I was disturbed and saddened to read of the arrest of Jamie Roux at a 9/11 remembrance ceremony that took place in Freeport. Jamie grew up in Freeport; his father, James Roux, was a passenger on one of the planes that terrorists flew into the twin towers.

Jamie certainly had ample reason to be present, to be heard and to be held with compassion and understanding by people in the town he grew up in on the anniversary of his father’s death.

Had Jamie’s father been on the fourth hijacked plane, Jamie might have been in Pennsylvania at the dedication of a memorial that honored his father.

If Jamie lived in New York, he might have been invited to speak, as many of the children of victims of 9/11 are every year.

Instead, he was silenced, removed from a public gathering taking place in a public building and arrested.

America is a great democracy, the “land of the free”; surely our hearts are big enough to include rather than exclude this young man, to listen to him rather than to silence him, to extend our compassion and understanding for his loss on the anniversary of his father’s murder by terrorists.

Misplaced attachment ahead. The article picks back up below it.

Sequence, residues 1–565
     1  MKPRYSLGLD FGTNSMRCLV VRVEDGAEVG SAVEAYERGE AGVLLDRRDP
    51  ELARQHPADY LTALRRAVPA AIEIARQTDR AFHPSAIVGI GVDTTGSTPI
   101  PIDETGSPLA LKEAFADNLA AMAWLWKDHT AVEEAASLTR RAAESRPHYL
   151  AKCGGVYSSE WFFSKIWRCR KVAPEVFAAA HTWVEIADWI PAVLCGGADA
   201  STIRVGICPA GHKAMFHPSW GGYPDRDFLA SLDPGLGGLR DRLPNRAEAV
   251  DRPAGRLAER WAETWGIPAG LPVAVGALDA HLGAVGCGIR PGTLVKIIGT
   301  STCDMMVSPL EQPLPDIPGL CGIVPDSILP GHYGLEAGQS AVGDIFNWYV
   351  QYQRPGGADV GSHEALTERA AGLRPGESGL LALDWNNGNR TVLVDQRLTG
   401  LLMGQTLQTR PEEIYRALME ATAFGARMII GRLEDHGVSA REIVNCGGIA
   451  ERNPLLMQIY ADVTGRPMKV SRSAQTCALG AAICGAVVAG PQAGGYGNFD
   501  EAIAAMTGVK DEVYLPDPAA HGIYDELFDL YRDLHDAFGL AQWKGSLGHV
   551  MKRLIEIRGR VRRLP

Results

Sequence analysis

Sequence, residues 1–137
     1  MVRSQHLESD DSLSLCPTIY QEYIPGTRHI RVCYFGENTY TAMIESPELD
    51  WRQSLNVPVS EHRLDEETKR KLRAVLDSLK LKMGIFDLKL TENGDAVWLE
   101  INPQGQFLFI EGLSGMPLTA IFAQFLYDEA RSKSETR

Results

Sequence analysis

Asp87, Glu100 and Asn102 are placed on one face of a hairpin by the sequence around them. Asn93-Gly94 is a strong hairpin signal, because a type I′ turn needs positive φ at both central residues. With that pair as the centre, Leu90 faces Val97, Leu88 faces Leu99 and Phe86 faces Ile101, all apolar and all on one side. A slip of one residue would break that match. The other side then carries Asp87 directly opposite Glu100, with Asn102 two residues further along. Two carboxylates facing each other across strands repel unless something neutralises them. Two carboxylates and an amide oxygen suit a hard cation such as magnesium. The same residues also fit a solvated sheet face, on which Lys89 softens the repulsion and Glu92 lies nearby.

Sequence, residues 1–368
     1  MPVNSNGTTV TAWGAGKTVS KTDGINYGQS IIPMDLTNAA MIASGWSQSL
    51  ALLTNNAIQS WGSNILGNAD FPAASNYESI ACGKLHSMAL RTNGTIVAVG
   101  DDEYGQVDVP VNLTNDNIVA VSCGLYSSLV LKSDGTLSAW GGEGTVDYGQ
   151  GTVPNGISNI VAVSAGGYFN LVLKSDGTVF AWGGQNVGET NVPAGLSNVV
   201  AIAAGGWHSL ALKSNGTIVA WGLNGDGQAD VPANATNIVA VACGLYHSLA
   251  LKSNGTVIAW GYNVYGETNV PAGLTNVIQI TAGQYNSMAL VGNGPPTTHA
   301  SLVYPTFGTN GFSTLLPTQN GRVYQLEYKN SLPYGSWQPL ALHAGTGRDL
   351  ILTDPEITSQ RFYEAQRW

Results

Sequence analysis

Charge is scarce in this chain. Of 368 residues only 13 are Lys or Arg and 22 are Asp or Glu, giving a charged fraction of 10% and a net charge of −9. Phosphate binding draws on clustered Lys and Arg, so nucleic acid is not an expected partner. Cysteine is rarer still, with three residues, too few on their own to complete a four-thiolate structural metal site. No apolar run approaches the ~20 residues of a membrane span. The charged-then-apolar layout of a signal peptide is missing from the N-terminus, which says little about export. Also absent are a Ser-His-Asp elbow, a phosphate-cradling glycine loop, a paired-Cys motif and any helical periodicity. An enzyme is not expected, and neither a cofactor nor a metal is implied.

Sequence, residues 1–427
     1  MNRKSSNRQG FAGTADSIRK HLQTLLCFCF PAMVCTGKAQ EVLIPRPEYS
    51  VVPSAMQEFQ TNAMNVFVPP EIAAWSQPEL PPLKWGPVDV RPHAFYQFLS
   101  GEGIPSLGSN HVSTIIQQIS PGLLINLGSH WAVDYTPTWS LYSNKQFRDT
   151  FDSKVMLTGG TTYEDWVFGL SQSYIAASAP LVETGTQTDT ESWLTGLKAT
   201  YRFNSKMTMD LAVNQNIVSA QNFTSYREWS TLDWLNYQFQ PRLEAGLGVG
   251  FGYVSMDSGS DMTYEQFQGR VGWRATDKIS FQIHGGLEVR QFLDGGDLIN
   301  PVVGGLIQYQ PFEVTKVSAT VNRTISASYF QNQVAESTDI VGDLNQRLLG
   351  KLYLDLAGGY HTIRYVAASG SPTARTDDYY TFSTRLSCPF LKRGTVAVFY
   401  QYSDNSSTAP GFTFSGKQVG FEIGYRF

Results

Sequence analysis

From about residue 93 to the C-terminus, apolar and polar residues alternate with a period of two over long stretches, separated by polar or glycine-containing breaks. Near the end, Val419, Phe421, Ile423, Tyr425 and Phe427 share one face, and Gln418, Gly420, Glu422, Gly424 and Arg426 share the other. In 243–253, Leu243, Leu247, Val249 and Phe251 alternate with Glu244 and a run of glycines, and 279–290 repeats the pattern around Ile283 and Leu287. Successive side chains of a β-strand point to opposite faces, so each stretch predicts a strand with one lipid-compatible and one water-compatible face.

There is great irony here. The remembrance ceremony focused on the military response to 9/11. It was a disservice to all who serve in the armed forces of this country when a ceremony marking this anniversary included the arrest of one of the victim’s sons when he was exercising his right to freedom of speech.

People serve to preserve our way of life and to uphold our rights, including our right to freedom of speech.

Margie Schoeller